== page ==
What is Gear Pump? | How Does Gear Pump Work?

gear pump

What is Gear Pump?

A gear pump uses the meshing of gears to pump fluid by positive displacement. They are one of the most common types of pumps for hydraulic fluid power applications. The gear pump was invented by Johannes Kepler around 1600.

Gear pumps are also commonly used in chemical plants to pump highly viscous liquids. There are two main variations: external gear pumps, which use two external spur gears, and internal gear pumps, which use an external and internal spur gear.

Gear pumps are positive displacement (or fixed displacement) pumps, which means they pump a constant amount of fluid with each revolution. Some gear pumps are designed to function as either a motor or a pump.

MORE: What is Pump and Their Types?

What is External Gear Pump?

An external gear pump consists of two identical, interlocking gears supported by separate shafts. Generally, one gear is driven by a motor and this drives the other gear (the idler). In some cases, both shafts may be driven by motors. The shafts are supported by bearings on each side of the casing.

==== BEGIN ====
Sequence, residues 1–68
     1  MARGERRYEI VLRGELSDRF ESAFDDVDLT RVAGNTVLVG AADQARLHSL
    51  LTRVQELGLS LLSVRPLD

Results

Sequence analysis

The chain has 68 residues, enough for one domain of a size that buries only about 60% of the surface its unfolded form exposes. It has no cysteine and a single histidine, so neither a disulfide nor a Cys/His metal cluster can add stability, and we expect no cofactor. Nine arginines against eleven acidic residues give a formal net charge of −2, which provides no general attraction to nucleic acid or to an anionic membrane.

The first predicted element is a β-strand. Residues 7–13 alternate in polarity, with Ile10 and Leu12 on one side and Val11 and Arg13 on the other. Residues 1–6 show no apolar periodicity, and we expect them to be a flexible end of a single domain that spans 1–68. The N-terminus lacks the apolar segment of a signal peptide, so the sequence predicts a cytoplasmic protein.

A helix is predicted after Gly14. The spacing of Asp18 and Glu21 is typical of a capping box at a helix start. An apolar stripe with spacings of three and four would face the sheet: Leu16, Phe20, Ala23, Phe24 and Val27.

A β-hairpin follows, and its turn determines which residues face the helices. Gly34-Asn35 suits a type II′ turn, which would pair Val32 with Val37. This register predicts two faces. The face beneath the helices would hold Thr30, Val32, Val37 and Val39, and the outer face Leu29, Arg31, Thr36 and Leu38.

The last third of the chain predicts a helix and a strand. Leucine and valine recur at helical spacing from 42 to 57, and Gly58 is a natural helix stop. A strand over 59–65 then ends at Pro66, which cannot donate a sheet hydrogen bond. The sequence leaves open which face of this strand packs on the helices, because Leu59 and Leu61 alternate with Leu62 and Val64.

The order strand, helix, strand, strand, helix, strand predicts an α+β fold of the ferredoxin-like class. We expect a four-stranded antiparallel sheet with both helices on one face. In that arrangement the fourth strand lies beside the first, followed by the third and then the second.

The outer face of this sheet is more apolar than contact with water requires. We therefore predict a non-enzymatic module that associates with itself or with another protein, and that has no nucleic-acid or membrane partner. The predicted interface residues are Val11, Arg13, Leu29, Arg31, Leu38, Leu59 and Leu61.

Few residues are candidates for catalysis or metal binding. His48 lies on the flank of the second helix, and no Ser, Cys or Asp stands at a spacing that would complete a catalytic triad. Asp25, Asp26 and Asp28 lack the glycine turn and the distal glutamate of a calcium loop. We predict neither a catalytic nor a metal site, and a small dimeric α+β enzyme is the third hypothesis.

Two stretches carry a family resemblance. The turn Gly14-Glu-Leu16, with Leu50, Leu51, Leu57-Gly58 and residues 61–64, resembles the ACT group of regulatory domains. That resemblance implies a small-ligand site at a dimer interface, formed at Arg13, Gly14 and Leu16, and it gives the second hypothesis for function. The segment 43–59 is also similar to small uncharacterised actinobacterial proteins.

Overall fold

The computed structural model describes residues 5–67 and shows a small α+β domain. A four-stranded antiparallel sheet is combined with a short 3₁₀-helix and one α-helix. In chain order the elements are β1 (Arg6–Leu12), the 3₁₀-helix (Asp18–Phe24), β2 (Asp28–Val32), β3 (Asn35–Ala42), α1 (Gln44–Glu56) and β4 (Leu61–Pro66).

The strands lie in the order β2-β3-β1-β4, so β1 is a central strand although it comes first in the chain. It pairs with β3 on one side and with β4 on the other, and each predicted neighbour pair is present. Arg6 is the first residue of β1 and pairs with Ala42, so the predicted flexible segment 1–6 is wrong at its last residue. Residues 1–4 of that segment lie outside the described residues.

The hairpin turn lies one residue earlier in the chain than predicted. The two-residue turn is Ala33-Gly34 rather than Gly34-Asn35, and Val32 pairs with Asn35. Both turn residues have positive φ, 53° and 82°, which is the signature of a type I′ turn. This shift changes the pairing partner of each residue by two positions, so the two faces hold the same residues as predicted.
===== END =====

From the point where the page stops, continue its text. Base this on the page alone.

• As the gears come out of mesh on the inlet side of the pump, they create an expanded volume.  Liquid flows into the cavities and is trapped by the gear teeth as the gears continue to rotate against the pump casing.
  • The trapped fluid is moved from the inlet, to the discharge, around the casing.
  • As the teeth of the gears become interlocked on the discharge side of the pump, the volume is reduced and the fluid is forced out under pressure.

No fluid is transferred back through the center, between the gears, because they are interlocked. Close tolerances between the gears and the casing allow the pump to develop suction at the inlet and prevent fluid from leaking back from the discharge side (although leakage is more likely with low viscosity liquids).

External gear pump designs can utilize spur, helical, or herringbone gears.